FX CHECK: WHAT ARE THIS SUMMER’S 5 CRUCIAL BREXIT QUESTIONS?

Britain’s businesses need answers, and they need them fast, World First’s Jeremy Cook warns in his latest round-up of the month’s foreign exchange news.

 As we approach August all eyes are on the Bank of England governor, Mark Carney, who will give his quarterly update on the state of the economy on the 4th. What he says and does, will give us the clearest insight yet on the effect the Brexit vote is having on the economy.

 We know already that confidence, investment and jobs have been hit. But we haven’t had much structured data. Carney will have the most up-to-date research, which will enable him to tell us how big that hit is and how long it is likely to endure.

 He will also give us a clearer sense of what the Bank intends to do to reduce the economic damage caused by the vote. This could include: cutting interest rates to possibly 0%, an increase in quantitative easing spending by as much as £100bn or even £150bn, and further lending to businesses at very, very low rates, with loans guaranteed by the Treasury.

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 The short-term economic signs we’re seeing are not good. We know from talking to our clients that the vast majority – as many as four-fifths – are trimming investment: reducing capital spending, and are worried about the jobs outlook. That’s in line with surveys of all business of all sizes nationwide.

 Once Mark Carney has reported, attention will quickly shift back to the new government. Brexit is a political phenomenon with an economic side-effect, not the other way around.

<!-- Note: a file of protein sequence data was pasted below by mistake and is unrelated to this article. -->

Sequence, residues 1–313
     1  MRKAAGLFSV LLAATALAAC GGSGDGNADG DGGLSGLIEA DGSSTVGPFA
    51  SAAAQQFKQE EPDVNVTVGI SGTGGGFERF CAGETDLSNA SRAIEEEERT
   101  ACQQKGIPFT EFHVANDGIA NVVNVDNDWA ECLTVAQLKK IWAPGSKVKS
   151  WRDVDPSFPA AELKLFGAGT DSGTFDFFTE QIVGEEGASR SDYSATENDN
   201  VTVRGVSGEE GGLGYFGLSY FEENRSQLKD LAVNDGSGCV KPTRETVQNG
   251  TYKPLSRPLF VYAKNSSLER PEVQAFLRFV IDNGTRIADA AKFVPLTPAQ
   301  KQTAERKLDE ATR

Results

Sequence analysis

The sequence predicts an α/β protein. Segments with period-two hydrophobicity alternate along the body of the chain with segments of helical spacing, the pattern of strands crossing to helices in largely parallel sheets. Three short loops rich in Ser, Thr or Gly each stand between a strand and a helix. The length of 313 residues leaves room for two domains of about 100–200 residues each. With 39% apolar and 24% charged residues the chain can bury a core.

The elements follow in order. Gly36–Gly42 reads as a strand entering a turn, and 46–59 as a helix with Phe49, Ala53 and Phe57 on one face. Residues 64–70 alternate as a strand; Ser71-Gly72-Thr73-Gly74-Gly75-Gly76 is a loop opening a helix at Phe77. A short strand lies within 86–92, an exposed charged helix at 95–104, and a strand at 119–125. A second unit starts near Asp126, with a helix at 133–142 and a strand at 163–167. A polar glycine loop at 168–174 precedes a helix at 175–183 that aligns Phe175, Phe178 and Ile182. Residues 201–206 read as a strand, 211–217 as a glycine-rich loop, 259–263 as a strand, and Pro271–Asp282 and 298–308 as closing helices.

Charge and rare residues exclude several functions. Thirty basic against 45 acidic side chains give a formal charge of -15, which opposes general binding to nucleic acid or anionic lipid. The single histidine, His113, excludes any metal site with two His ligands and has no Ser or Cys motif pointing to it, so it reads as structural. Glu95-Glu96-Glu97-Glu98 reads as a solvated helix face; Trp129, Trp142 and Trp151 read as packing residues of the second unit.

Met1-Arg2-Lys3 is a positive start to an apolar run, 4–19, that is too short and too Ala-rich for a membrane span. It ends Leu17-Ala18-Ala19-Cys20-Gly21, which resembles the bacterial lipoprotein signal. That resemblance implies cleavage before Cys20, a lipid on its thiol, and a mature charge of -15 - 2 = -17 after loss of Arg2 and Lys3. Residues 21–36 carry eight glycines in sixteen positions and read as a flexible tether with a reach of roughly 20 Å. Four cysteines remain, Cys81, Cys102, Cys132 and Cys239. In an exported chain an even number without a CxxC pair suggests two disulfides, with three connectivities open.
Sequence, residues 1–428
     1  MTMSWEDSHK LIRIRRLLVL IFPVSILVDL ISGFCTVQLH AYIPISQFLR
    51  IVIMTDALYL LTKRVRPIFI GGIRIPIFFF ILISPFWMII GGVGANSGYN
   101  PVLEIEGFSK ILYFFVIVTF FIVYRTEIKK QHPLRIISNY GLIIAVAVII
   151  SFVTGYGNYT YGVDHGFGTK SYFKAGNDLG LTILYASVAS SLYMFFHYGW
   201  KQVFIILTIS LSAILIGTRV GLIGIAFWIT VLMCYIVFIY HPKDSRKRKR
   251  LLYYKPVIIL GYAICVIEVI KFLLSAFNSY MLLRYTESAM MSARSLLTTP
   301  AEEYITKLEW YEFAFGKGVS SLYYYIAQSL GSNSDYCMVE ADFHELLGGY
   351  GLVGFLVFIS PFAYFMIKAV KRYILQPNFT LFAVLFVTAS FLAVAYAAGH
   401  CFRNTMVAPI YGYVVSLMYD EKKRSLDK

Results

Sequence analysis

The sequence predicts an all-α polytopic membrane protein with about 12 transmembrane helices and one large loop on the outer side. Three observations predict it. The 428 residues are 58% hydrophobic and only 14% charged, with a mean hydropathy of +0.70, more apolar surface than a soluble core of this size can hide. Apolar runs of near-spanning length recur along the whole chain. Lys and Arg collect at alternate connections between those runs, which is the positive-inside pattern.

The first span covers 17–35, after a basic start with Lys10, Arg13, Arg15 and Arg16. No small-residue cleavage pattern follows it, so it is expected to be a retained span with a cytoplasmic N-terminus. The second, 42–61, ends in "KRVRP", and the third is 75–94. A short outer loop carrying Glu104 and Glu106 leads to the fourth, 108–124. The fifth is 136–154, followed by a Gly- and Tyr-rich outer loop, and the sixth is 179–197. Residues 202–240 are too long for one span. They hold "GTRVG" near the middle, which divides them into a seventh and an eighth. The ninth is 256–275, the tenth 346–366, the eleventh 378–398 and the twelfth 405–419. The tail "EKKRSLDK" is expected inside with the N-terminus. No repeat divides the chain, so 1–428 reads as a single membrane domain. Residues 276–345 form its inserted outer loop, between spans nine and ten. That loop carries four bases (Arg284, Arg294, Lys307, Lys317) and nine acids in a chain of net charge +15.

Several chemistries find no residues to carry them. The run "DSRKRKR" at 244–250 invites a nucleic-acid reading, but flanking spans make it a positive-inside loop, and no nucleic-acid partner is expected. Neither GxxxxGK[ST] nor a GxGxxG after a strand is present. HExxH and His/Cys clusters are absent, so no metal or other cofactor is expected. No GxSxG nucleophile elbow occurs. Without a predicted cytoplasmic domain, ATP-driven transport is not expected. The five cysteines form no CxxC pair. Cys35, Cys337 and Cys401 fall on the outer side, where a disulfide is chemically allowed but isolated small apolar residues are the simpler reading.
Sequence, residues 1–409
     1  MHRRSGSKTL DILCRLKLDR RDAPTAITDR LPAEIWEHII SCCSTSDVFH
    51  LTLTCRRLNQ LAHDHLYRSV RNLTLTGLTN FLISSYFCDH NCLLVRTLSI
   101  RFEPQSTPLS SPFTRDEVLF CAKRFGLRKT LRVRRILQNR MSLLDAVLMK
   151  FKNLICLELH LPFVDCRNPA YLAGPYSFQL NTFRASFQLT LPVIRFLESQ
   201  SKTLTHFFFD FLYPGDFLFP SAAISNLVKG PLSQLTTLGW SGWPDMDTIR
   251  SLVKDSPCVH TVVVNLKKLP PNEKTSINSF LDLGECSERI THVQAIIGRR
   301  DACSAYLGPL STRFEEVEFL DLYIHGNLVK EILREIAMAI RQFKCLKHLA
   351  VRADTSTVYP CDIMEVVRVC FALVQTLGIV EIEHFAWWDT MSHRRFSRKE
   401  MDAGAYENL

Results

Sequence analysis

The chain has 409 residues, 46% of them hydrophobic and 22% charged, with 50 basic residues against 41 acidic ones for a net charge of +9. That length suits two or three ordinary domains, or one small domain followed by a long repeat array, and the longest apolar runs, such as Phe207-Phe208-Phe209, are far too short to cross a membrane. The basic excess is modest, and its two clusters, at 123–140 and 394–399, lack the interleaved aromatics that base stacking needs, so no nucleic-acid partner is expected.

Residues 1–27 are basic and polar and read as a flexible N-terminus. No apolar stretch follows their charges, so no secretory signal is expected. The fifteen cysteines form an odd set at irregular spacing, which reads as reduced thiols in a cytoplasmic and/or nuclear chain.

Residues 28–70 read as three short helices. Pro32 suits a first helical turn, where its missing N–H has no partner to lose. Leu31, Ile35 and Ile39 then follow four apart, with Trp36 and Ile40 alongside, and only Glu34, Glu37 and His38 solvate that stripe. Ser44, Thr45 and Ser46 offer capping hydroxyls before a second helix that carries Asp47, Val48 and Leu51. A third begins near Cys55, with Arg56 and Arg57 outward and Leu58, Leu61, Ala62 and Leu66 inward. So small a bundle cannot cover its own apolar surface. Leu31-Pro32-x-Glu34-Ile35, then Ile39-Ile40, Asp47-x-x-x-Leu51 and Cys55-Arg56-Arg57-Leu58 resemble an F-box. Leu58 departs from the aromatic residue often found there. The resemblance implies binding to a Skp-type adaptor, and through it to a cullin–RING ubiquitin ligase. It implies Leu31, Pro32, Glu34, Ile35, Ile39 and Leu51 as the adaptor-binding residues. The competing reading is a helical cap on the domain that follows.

Theresa May’s appointment as prime minister has steadied the political ship and calmed the markets a little. What direction she sails in and how smooth the sailing is, as she and her Brexit team cross the Channel to negotiate a settlement with EU officials, is crucial.

 Brexit means Brexit, as May says. But it’s not a black and white question. There are dozens, if not hundreds of shades of grey in between. We need answers to five questions – and the sooner we get those answers, the sooner businesses can get back to planning for the future, investing, and, with luck, hiring.

 Those 5 questions are:

  1. When will Article 50 of the EU Constitution be triggered that sets the clock ticking on Britain’s exit?
  2. What access will Britain have to the Single Market after Brexit?
  3. How will ‘passporting’ of services from Britain to the EU work?
  4. What kind of financial regulations will we face?
  5. How much free movement of people/labour will May accept in return for access to the Single Market?

 Need for speed

 Speed here is vital. The Brexit hit could lead us into recession in Q3 and Q4 this year. It wouldn’t, in my view, be a deep recession, as we saw in 2008. It could be -0.2% or -0.1%. However, the longer it goes on the greater the long-term damage could be, especially if companies change their investment plans and decide to invest outside of the UK in other countries in Europe.

 There was a lot of anger after the vote. Many were fearful, some angry. But now they have realised that being fearful and angry isn’t going to turn their business and the economy as a whole around. They – we – have just got to get on with it. The challenge now is for politicians to take the steps that business needs to begin to plan for the future.

 At a time of unprecedented economic and political turmoil at home, it’s tempting to focus on Britain and Europe. But in August the US presidential election campaign proper gets underway. There will be only three months until we know who will be the new leader of the free world.

 Could Trump triumph

 No-one in the investment community is forecasting a Donald Trump presidency but, let’s not forget, there were very, very few people out there forecasting Brexit at the beginning of the year. If Donald Trump assumes the presidency, it would make the fears over Brexit look like a picnic.

 Fears of a trade war between the US and China will prompt unprecedented concern over growth. You will see a large sell-off in equity markets and a shift towards the haven currencies, notably the US dollar and the Japanese yen.

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